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Animal Carvings from Mounds of the Mississippi Valley

Second Annual Report of the Bureau of Ethnology to the Secretary of the Smithsonian Institution, 1880-81, Government Printing Office, Washington, 1883, pages 117-166

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Published: 1882
Language: English
Wordcount: 18,419 / 62 pg
Flesch-Kincaid Reading Ease: 52.7
LoC Category: CC
Downloads: 1,722
Added to site: 2006.04.18
mnybks.net#: 13408
Origin: gutenberg.org
Excerpt

tion that the Mound-Builders held contemporaneous possession of the country embraced in the range of the animals whose effigies are supposed to have been exhumed from their graves worthy of serious discussion. If true, it would involve the contemporaneous occupancy by the Mound-Builders, not only of the Southern United States but of the region stretching into Southern Mexico, and even, according to the ideas of some authors, into Central and South America, an area which, it is needless to say, no known facts will for a moment justify us in supposing a people of one blood to have occupied contemporaneously.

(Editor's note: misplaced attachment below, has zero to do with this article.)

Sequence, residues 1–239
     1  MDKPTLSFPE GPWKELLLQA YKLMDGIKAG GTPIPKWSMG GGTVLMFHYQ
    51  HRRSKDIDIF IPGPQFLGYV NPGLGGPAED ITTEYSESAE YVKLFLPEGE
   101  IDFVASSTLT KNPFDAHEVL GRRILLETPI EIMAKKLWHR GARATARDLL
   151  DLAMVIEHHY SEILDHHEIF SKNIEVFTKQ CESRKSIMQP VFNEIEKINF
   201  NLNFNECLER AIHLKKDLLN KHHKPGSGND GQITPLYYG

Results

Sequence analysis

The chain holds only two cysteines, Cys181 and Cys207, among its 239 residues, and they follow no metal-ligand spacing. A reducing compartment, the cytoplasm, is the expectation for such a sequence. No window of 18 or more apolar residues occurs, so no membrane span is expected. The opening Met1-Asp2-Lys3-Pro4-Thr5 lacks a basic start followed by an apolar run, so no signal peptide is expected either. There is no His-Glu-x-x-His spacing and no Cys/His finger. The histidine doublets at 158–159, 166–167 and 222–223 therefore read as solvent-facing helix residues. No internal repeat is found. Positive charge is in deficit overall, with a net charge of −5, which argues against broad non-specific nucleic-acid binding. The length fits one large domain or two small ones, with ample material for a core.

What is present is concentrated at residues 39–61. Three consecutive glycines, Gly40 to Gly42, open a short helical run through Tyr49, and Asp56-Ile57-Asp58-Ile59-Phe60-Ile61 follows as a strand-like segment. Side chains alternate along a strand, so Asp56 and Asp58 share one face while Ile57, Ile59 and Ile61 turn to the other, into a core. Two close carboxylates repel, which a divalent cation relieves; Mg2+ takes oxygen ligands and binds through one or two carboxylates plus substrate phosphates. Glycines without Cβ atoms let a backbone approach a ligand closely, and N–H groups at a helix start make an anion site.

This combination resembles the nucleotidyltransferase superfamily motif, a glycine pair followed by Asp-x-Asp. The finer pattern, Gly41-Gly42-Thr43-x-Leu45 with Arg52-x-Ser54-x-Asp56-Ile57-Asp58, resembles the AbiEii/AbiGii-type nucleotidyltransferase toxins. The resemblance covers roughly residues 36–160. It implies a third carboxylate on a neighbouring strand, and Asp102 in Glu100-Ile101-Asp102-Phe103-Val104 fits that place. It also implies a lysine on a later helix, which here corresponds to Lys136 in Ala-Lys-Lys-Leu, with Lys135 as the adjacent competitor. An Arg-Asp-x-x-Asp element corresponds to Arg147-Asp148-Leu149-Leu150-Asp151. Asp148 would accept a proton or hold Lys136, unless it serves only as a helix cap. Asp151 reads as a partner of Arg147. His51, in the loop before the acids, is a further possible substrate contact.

Assuming, therefore, that the sculptures in question are the work of the Mound-Builders and are not derived from distant parts through the agency of trade, of which there would appear to be little doubt, and, assuming that the sculptures represent the animals they have been supposed to represent--of which something remains to be said--the theory that the acquaintance of the Mound-Builders with these

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